Omaha plans to sell vacant lots for $1 to generate housing

The Omaha City Council is considering selling 54 city-owned vacant lots in North Omaha, many of them for $1 each, in hopes of speeding up the development of affordable housing in the area.

The lots would be sold to 10 different buyers, including nonprofit developers and for-profit private companies, under the proposal from the Omaha Planning Department and Mayor Jean Stothert.

The council is scheduled to hold a public hearing and vote on purchase agreements when it meets Tuesday afternoon.

“We’ve owned the properties for an average of 16 years,” Assistant City Planning Director Kellie Johnston Dorsey said. “We’re ready to sell them so they can be put into productive use again.”

The buyers plan to build housing on 50 of the 54 lots. Not only do they plan to do that, but under the terms of the purchases, they must. The deals for many of the lots include deed restrictions that give the city the right to buy the properties back for the purchase price if the buyers have not started construction within two years of the closing date. The city could also buy the properties back if the buyer does not substantially complete construction within 42 months.

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“We’ve heard from residents: Don’t sell (the property) to someone who’s just going to sit on it,” Johnston Dorsey said.

Generally, the city is requiring a minimum of one housing unit per lot.

“Most of the proposed buyers have indicated they’re going to build more than the minimum,” Johnston Dorsey said.

She said the result should be “at least 50 affordable housing units,” and possibly a lot more than that.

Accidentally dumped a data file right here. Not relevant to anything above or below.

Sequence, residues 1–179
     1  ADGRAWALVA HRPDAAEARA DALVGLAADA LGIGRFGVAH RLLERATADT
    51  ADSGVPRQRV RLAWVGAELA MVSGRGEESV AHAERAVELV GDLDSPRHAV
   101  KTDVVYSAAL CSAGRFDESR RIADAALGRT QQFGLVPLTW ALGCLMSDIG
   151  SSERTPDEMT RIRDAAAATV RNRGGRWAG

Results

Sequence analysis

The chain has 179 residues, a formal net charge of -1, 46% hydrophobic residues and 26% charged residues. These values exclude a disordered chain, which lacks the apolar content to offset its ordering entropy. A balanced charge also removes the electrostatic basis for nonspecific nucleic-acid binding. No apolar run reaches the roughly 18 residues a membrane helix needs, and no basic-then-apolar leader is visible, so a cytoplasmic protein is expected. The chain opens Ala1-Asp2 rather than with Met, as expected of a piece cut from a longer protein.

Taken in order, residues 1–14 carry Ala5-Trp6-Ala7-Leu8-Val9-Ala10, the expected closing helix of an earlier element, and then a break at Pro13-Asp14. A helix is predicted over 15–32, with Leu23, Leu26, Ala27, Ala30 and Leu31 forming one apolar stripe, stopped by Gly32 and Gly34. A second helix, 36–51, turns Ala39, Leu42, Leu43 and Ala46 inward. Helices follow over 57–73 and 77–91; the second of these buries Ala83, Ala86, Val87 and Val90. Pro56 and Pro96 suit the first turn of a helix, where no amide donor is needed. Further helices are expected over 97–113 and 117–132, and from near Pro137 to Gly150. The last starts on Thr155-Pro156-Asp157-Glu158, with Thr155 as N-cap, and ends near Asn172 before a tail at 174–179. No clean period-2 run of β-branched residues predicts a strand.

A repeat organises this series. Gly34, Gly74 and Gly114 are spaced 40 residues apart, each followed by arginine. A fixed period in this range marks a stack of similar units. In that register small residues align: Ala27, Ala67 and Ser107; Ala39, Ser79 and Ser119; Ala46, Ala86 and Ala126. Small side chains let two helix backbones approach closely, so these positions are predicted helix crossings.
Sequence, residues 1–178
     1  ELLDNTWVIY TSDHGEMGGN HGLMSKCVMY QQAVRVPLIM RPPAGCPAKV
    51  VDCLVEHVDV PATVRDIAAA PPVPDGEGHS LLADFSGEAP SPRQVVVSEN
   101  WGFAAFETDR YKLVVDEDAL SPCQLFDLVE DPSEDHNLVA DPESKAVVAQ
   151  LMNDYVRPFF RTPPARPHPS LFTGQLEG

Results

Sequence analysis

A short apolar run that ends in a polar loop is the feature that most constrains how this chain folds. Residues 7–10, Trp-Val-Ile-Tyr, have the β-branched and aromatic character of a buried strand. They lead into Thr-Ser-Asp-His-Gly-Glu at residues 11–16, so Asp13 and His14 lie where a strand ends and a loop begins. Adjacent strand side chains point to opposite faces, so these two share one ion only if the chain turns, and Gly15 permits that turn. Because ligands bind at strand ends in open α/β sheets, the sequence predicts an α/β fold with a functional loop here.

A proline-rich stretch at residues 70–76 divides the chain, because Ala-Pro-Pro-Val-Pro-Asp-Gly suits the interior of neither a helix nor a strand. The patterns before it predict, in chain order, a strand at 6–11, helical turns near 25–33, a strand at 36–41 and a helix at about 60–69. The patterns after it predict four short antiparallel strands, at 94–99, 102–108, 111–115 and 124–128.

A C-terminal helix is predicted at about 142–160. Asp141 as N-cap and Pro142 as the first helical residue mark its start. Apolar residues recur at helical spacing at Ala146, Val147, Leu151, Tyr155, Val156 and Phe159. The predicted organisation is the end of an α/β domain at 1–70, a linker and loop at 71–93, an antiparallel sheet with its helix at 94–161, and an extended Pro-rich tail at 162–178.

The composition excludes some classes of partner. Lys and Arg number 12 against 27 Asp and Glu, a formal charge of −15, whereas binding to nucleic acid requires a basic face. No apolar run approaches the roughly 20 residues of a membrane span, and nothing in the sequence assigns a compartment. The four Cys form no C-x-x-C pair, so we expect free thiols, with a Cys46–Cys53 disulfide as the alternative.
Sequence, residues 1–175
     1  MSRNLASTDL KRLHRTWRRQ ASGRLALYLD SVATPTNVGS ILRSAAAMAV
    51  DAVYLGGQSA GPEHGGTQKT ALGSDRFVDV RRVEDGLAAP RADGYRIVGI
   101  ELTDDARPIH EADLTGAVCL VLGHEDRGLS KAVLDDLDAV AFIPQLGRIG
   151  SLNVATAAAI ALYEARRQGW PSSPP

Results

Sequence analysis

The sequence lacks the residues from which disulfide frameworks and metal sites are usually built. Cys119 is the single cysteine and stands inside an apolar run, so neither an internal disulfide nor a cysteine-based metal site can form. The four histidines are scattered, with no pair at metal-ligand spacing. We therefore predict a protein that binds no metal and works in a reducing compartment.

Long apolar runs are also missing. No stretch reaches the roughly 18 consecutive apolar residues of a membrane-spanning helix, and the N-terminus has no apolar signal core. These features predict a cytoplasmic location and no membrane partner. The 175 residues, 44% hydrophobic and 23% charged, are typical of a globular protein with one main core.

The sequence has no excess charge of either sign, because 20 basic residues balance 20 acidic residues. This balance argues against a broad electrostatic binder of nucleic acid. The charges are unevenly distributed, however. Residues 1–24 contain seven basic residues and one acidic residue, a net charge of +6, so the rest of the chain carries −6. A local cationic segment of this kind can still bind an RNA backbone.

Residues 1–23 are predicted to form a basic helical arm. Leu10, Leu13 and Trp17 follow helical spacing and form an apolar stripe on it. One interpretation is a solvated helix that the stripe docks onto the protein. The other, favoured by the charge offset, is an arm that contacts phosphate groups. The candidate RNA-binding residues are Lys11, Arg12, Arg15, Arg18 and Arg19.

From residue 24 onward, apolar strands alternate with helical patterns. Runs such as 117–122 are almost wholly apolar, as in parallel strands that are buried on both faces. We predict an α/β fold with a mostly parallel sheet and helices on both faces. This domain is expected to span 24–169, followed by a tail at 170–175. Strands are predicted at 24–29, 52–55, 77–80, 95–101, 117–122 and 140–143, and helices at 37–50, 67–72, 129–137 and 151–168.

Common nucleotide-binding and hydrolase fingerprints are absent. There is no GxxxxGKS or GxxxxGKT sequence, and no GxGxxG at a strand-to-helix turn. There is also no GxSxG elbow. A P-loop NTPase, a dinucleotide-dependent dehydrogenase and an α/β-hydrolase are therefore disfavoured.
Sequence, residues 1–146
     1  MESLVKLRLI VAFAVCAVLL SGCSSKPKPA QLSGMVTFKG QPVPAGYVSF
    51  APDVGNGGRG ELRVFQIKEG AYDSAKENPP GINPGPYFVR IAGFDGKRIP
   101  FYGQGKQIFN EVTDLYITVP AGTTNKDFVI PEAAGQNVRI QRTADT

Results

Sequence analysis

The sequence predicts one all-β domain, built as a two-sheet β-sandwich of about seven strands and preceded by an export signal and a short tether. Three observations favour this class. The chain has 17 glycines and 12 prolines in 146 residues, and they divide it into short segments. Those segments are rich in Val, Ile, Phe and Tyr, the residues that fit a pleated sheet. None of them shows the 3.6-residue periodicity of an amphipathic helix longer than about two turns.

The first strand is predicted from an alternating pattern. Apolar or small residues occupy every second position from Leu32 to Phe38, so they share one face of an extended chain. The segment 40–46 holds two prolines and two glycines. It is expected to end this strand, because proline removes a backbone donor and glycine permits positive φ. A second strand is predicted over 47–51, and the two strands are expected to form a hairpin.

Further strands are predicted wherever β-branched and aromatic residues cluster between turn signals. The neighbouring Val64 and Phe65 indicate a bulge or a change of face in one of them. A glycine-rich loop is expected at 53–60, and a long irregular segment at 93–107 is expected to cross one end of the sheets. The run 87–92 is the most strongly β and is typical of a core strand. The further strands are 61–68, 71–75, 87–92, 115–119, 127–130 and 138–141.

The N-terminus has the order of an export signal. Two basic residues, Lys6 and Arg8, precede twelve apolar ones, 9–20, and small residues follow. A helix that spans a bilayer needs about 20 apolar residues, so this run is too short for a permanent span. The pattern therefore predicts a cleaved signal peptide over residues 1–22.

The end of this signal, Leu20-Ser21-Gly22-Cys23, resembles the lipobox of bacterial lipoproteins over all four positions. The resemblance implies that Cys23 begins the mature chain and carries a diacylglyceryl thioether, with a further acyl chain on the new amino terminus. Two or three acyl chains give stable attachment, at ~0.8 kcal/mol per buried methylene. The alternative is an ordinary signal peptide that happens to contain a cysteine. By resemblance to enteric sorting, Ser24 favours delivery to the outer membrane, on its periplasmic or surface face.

For the four lots not intended for housing, the buyers would pay the appraised market value. Those properties comprise an unbuildable lot, one that the homeowner next to it wants to buy and two parcels used by a neighborhood association as urban gardens to address food insecurity.

Spencer Management owner Justin Moore said he plans to build 20 units, including townhomes and duplexes, on the 13 lots his company proposes to buy from the city.

“We’re just doing affordable housing,” Moore said. “We’re trying to just contribute to the housing that needs to be built in this area.”

The lots that Spencer, a Black-owned firm based in North Omaha, proposes to buy are near 28th and Charles Streets and 29th and Franklin Streets.

As with several other buyers, Spencer would pay $1 each for the properties. Nebraska community development law allows a city to sell lots for $1 when the properties are in an area with a city-adopted community redevelopment plan, and the buyers’ plans are in accordance with that redevelopment plan.

If those conditions are not met, the city must sell the lots at appraised value.

N16th Street LLC, an arm of Lincoln-based Hoppe Development that is rehabilitating Omaha’s historic Chambers Court apartments, is slated to buy 13 lots. Other proposed buyers include Omaha 100 Inc., Holy Name Housing Corp., Forever North Real Estate and Solica Development.

The lot-selling proposal is likely to engender debate during the public hearing and council deliberations. Council member Juanita Johnson said she heard concerns from constituents about the property sales and about Stothert’s proposed appointments to the board of Omaha’s new Inland Port Authority.

“First and foremost, the sale of city property at such a nominal amount raises significant questions about adherence to community development laws and regulations,” Johnson said by email Monday. “It is essential that any transaction involving public assets is conducted with full transparency, proper valuation, and due process to ensure that the public interest is safeguarded. I urge all stakeholders to thoroughly review this transaction to confirm its compliance with all applicable laws and to provide a clear rationale for the sale price.”

Many of the lots came from the Land Reutilization Commission, a former agency that, before the Omaha Municipal Land Bank was created, took title to properties that had been foreclosed on for non-payment of property taxes. Some have been vacant for many years. In some cases, the city has demolished buildings and prepared the sites for building.

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